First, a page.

We demonstrate how one should transform correctly quasi-isotropic coordinates to Weyl-Papapetrou coordinates in order to compare the metric around a rotating star, which has been constructed numerically in the former coordinates, with an axially symmetric stationary metric, which is given through an analytical form in the latter coordinates. (comments, replies and notes)

  15. Faithful transformation of quasi-isotropic to Weyl-Papapetrou coordinates: a prerequisite to compare metrics

    Energy Technology Data Exchange (ETDEWEB)

    Pappas, G; Apostolatos, T A [Section of Astrophysics, Astronomy and Mechanics, Department of Physics, University of Athens, Panepistimiopolis Zografos GR15783, Athens (Greece)

    2008-11-21

    We demonstrate how one should transform correctly quasi-isotropic coordinates to Weyl-Papapetrou coordinates in order to compare the metric around a rotating star, which has been constructed numerically in the former coordinates, with an axially symmetric stationary metric, which is given through an analytical form in the latter coordinates. (comments, replies and notes)

  16. Multi-contrast, isotropic, single-slab 3D MR imaging in multiple sclerosis

    NARCIS (Netherlands)

    Moraal, Bastiaan; Roosendaal, Stefan; Pouwels, Petra; Vrenken, Hugo; Schijndel, van Ronald; Meier, Dominik; Guttmann, Charles; Geurts, Jeroen; Barkhof, Frederik

    2008-01-01

    To describe signal and contrast properties of an isotropic, single-slab 3D dataset [double inversion- recovery (DIR), fluid-attenuated inversion recovery (FLAIR), T2, and T1-weighted magnetization prepared rapid acquisition gradient-echo (MPRAGE)] and to evaluate its performance in detecting

  17. Multi-contrast, isotropic, single-slab 3D MR imaging in multiple sclerosis

    NARCIS (Netherlands)

    Moraal, B.; Roosendaal, S.D.; Pouwels, P.J.W.; Vrenken, H.; van Schijndel, R.A.; Meier, D.S.; Guttmann, C.R.G.; Geurts, J.J.G.; Barkhof, F.

    2008-01-01

    To describe signal and contrast properties of an isotropic, single-slab 3D dataset [double inversion-recovery (DIR), fluid-attenuated inversion recovery (FLAIR), T2, and T1-weighted magnetization prepared rapid acquisition gradient-echo (MPRAGE)] and to evaluate its performance in detecting multiple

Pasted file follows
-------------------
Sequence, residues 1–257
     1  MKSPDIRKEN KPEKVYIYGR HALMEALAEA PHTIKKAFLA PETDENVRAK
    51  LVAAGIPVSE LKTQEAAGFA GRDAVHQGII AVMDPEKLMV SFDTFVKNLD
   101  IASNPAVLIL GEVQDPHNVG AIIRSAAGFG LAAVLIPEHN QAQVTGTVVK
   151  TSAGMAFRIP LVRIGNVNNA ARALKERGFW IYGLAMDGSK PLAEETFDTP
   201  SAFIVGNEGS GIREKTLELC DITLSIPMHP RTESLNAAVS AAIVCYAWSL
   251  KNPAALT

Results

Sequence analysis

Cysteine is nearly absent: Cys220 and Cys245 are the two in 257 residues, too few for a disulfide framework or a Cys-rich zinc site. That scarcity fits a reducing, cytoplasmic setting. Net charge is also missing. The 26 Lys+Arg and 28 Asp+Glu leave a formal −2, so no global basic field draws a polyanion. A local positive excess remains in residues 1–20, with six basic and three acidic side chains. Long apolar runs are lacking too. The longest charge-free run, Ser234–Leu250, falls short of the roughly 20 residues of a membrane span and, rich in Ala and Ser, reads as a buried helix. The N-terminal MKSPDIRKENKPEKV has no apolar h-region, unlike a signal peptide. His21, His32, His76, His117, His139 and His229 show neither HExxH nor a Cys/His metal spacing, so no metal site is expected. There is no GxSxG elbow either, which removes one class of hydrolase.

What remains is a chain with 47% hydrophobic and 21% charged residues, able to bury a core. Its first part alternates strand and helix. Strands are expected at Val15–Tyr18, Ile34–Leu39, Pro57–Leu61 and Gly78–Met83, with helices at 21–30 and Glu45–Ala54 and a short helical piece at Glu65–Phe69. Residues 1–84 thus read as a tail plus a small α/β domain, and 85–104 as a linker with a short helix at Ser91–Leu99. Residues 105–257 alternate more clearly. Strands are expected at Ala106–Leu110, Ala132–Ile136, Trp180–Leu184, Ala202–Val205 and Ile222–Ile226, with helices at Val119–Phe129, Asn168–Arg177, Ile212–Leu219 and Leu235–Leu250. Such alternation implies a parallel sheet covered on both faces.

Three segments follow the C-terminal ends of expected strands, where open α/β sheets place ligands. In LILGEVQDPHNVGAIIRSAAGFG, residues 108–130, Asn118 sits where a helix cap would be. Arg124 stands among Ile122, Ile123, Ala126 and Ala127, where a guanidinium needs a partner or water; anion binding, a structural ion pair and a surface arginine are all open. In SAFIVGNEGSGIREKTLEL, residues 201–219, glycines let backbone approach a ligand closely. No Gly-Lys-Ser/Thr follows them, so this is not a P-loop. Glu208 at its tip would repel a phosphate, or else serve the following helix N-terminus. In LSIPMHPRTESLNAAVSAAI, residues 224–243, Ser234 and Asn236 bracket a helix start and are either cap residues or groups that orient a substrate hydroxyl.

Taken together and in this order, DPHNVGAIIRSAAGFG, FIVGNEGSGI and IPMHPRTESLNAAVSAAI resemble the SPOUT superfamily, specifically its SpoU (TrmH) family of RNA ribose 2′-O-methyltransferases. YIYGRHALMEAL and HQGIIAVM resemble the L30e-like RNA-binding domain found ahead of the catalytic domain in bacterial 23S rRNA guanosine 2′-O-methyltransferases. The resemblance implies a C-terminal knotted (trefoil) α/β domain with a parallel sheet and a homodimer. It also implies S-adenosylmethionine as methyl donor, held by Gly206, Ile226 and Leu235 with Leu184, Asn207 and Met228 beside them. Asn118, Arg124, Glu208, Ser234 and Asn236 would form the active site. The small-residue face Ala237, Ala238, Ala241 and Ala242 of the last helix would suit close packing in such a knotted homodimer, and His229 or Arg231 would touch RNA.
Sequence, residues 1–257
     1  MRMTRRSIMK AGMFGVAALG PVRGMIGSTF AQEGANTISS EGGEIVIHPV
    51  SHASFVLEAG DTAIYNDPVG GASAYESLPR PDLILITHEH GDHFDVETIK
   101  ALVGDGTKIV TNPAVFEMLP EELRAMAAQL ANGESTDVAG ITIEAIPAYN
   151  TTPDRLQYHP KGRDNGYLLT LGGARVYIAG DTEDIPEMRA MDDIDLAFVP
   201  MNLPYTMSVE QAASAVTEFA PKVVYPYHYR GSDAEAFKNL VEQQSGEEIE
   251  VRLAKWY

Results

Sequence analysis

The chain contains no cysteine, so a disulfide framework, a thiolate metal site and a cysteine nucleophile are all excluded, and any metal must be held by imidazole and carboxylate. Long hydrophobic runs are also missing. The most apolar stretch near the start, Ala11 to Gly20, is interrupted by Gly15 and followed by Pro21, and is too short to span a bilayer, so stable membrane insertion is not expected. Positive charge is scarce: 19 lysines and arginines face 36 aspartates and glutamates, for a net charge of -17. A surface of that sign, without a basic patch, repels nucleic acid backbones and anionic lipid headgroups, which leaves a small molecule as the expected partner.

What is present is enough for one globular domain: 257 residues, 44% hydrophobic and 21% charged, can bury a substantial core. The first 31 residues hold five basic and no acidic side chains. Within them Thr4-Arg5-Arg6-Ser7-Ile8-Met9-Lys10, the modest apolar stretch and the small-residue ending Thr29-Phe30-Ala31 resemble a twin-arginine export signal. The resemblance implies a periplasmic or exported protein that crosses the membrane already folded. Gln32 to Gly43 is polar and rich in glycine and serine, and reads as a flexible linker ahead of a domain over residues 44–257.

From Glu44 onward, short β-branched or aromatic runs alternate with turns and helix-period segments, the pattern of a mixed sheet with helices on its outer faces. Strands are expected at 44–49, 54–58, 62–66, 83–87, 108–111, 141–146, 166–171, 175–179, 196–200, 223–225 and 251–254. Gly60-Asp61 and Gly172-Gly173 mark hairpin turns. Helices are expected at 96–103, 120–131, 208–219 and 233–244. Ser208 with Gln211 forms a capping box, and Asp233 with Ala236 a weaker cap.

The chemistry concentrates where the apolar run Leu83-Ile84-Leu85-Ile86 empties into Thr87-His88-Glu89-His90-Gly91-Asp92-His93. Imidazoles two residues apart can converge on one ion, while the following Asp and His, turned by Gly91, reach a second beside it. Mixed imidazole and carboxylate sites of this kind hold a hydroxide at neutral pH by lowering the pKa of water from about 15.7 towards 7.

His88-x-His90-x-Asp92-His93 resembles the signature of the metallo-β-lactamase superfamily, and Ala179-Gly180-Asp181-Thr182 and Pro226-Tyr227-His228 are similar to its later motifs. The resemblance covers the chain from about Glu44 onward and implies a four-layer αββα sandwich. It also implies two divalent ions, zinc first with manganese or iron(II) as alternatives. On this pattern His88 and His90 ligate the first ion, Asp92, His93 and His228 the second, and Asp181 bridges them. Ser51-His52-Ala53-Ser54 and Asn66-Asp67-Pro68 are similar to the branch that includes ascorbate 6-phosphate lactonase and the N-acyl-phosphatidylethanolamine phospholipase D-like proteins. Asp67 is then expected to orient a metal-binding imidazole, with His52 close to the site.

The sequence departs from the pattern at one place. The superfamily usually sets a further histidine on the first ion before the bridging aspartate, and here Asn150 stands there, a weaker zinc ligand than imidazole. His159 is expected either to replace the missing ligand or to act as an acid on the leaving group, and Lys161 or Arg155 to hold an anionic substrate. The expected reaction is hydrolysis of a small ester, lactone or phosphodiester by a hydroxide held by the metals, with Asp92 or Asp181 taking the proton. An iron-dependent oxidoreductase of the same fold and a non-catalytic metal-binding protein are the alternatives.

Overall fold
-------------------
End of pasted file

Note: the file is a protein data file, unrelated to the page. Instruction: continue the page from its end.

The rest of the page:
18. Bel-Robinson energy and the nature of singularities in isotropic cosmologies

    International Nuclear Information System (INIS)

    Klaoudatou, Ifigeneia; Cotsakis, Spiros

    2007-01-01

    We review our recent work on the classification of finite time singularities that arise in isotropic universes. This scheme is based on the exploitation of the Bel Robinson energy in a cosmological setting. We comment on the relation between geodesic completeness and the Bel Robinson energy and present evidence that relates the divergence of the latter to the existence of closed trapped surfaces

  19. Development of a 10 m quasi-isotropic strand assembled from 2G wires

    Science.gov (United States)

    Kan, Changtao; Wang, Yinshun; Hou, Yanbing; Li, Yan; Zhang, Han; Fu, Yu; Jiang, Zhe

    2018-03-01

    Quasi-isotropic strands made of second generation (2G) high temperature superconducting (HTS) wires are attractive to applications of high-field magnets at low temperatures and power transmission cables at liquid nitrogen temperature in virtue of their high current carrying capability and well mechanical property. In this contribution, a 10 m length quasi-isotropic strand is manufactured and successfully tested in liquid nitrogen to verify the feasibility of an industrial scale production of the strand by the existing cabling technologies. The strand with copper sheath consists of 72 symmetrically assembled 2G wires. The uniformity of critical properties of long quasi-isotropic strands, including critical current and n-value, is very important for their using. Critical currents as well as n-values of the strand are measured every 1 m respectively and compared with the simulation results. Critical current and n-value of the strand are calculated basing on the self-consistent model solved by the finite element method (FEM). Effects of self-field on the critical current and n-value distributions in wires of the strand are analyzed in detail. The simulation results show good agreement with the experimental data and the 10 m quasi-isotropic strand has good critical properties uniformity.

  20. Stackel spaces of an electrovacuum with isotropic complete sets. Formulation of problem and basic relations

    International Nuclear Information System (INIS)

    Bagrov, V.G.; Evseevich, A.A.; Obukhov, V.V.; Osetrin, K.E.

    1987-01-01

    The authors consider the problem of the classification of the Stackel spaces of the electrovacuum with isotropic complete sets. The metrics of the spaces are represented in a form that is convenient for their investigation. We obtain necessary relations for the construction of the field equations

  1. Static deformation due to a long buried dip-slip fault in an isotropic

    Indian Academy of Sciences (India)

    Closed-form analytical expressions for the displacements and the stresses at any point of a two-phase medium consisting of a homogeneous, isotropic, perfectly elastic half-space in welded contact with a homogeneous, orthotropic, perfectly elastic half-space due to a dip-slip fault of finite width located at an arbitrary ...